Tuesday, September 29, 2009

Rust Clown

What's to laugh at here?  A dead, dry field under an overcast sky, a small metal building, and the structure of a ride winding like a spine from a large yellow head.

Someone thought that face was very merry.  It was someone's job to construct this head--were they given blueprints or carte blanche?--to mold the eyebrows above tiny, glowing red eyes, to twist that mouth into a yelp of delight.

Did any kid look at that face and feel the sympathetic thrum of delight?

Like the mythic elephant's graveyard, here lie the remnants of small-town Americana's tame indulgence.  Modest blue poles gingerly braced to a hub, for a certain circle-based pleasure ride.  Round and round you go; where you stop is very close to where you got on--the zero-sum wheel of fortune.

And I wonder whether this contraption died before or after it maker.  I wonder whether the metal-manipulating craftsman received notice: "Mr. Jackson, be advised your Hugo the Clown ride has been decommissioned to rust in God's acre outside of Superior American Amusements, Decatur, IL.  No further residuals are forthcoming."  And he slammed the hollow, dulled red driver's side door of his flatbed pickup, taking 36 from Long Creek to Harristown, which runs right through the heart of the city.  He looked around at all the buildings, the brand-new fixtures, judged them with a craftsman's eye: Who slapped that Hard Times sign together?  Totally wrong seam for that steel, it'll crumple under its own weight in eight years, or Holy mackerel, that Bettie's Diner marquis was old before Hugo the Clown saw its first coat of paint, but look at it still there.  Them's the breaks.

With no one else around he parked on the edge of the field, front tire crunching a striated patch of ice into the damp dead leaves.  His Brogans made short work of the twigs and brittle grass as a dozen strides took him to the wreck of his creation.  Rough hands shoved into the slash pockets of forest green work trousers, muted against a bright red-and-black plaid flannel jacket.  He stares at the joyous face scorched with rust and faded to the colors of generic ice cream from the cheapie-mart on the other side of the tracks in Long Creek.  His mind goes back to the commission, how excited he was to tell Avis about the job, how they went out for malts to celebrate.  Full creative liberty, his boss told him, and so his best girl sketched a goofy face on a paper napkin that made them both laugh helplessly.  There was no way he could not use that face.  Avis had a talent for art.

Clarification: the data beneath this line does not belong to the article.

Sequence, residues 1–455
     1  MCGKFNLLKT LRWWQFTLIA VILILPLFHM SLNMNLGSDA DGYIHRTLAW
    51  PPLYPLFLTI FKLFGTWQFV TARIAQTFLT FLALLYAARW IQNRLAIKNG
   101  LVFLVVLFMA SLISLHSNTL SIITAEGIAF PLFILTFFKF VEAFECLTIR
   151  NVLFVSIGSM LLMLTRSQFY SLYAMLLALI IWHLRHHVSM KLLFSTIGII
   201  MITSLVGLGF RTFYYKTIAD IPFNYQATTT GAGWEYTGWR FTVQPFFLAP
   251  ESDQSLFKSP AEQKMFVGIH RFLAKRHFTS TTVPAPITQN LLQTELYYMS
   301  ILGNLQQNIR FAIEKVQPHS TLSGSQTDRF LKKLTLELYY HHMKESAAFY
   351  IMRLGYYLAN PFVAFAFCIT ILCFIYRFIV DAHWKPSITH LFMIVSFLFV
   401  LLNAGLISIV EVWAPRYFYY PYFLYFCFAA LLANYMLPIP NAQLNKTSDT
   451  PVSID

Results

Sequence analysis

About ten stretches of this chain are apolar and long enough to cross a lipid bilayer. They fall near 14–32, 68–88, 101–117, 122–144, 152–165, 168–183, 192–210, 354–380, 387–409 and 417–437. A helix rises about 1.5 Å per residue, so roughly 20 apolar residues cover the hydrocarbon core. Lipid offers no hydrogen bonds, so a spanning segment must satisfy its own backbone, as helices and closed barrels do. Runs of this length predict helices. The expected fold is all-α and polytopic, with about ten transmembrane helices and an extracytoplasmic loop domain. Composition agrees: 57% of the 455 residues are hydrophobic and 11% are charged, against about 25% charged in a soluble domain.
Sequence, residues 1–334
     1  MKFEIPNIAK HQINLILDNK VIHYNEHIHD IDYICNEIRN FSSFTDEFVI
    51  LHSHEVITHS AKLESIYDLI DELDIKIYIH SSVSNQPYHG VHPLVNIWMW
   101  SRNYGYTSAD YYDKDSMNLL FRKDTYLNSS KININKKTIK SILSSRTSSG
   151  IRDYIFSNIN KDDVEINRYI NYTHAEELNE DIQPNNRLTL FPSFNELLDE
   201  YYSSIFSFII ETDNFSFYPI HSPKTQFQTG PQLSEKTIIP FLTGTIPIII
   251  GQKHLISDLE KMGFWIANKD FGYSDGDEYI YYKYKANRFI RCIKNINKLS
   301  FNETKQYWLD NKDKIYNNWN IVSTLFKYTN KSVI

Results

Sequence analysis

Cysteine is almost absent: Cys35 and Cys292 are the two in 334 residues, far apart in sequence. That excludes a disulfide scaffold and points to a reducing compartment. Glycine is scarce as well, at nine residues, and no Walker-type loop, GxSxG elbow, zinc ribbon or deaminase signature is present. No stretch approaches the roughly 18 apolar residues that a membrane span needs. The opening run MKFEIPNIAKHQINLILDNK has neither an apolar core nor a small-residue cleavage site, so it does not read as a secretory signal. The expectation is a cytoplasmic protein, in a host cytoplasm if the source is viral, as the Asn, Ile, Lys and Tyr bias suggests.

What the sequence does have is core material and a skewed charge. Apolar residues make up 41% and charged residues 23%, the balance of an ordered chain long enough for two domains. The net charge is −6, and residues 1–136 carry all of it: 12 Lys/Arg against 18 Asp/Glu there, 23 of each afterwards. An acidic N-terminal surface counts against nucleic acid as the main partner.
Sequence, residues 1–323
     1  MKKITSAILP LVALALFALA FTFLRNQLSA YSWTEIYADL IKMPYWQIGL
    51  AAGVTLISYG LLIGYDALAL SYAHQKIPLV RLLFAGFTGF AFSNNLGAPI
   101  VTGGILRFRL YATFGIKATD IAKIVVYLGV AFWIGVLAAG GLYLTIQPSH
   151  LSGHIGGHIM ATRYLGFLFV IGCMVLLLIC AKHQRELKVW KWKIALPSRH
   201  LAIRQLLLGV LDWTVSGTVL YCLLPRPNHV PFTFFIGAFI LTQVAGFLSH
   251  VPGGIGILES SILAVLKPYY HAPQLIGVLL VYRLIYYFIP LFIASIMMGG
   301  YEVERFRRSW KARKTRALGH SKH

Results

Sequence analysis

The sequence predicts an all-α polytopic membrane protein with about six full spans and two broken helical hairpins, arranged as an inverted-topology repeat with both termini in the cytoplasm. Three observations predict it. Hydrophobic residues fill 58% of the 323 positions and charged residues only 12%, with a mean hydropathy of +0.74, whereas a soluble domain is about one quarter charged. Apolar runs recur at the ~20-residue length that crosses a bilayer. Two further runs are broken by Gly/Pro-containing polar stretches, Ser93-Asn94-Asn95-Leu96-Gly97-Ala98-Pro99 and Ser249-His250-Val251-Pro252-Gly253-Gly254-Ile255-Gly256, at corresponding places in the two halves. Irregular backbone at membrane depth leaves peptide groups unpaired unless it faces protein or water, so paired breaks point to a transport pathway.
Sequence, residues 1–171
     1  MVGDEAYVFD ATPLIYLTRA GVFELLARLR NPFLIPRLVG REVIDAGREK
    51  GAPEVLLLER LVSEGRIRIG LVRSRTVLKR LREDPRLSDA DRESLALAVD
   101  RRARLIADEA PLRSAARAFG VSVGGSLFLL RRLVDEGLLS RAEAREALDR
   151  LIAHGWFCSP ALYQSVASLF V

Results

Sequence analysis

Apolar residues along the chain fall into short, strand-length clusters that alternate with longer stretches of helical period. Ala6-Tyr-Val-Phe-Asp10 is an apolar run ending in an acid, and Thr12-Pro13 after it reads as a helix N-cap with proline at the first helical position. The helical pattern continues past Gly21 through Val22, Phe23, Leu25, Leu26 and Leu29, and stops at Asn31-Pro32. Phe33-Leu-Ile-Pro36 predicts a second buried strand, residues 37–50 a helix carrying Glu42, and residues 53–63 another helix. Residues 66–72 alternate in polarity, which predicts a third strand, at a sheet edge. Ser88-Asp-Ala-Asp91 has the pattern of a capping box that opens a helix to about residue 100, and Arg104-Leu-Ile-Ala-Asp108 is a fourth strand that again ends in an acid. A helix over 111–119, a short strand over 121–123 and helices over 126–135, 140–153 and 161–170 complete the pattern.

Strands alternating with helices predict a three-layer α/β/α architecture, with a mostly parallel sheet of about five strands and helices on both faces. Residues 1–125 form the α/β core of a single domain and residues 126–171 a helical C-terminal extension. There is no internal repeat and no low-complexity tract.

And one kid was hospitalized on the ride, just a stupid boy standing amid the spokes when the operator's back was turned.  Not the ride's fault.  And Avis dumped him two years later to go fuck her French TA while pursuing graphic design in Lynchburg, and then she wrote to him about it when it went sour, as if she had a friend in him after that.  And there were other jobs, other commissions, with that grinning yellow face in his portfolio, and it made the clients cringe just as it made him cringe for a different reason.

He watched it rust, then, with a sense of loss and a sense of lightness.  Kicked it in the eye, once, with a steel-toed Brogan before climbing back in his truck, thinking he'll take 51 to East Elwin, avoid Downtown altogether.

Friday, September 25, 2009

XN Bakes a Cake